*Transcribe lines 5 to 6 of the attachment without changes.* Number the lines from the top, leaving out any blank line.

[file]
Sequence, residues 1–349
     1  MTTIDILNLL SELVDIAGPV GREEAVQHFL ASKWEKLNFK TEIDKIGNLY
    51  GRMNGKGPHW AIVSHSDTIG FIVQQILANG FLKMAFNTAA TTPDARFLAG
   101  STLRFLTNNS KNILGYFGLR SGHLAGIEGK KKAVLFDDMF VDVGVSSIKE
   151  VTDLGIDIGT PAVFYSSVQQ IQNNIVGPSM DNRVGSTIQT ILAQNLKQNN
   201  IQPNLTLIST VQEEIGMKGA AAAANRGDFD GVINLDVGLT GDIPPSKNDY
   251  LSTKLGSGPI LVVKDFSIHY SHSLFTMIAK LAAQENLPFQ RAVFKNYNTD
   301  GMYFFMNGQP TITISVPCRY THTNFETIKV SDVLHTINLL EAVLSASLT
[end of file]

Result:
   151  VTDLGIDIGT PAVFYSSVQQ IQNNIVGPSM DNRVGSTIQT ILAQNLKQNN
   201  IQPNLTLIST VQEEIGMKGA AAAANRGDFD GVINLDVGLT GDIPPSKNDY